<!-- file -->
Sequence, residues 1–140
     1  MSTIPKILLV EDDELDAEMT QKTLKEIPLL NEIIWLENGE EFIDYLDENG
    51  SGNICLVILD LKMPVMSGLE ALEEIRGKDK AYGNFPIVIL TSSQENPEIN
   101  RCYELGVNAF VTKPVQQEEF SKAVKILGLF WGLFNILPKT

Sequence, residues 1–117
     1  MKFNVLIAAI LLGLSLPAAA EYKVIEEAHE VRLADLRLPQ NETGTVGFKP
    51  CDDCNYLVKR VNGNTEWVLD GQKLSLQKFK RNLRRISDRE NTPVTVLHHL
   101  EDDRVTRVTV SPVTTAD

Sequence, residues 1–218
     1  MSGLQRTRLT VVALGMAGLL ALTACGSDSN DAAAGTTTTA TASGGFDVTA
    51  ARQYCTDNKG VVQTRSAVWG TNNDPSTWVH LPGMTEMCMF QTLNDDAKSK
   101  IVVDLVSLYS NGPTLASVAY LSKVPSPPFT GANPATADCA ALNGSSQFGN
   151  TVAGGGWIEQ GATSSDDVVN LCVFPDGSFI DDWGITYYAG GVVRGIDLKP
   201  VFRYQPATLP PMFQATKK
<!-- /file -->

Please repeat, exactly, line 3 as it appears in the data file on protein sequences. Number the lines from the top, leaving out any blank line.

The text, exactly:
    51  SGNICLVILD LKMPVMSGLE ALEEIRGKDK AYGNFPIVIL TSSQENPEIN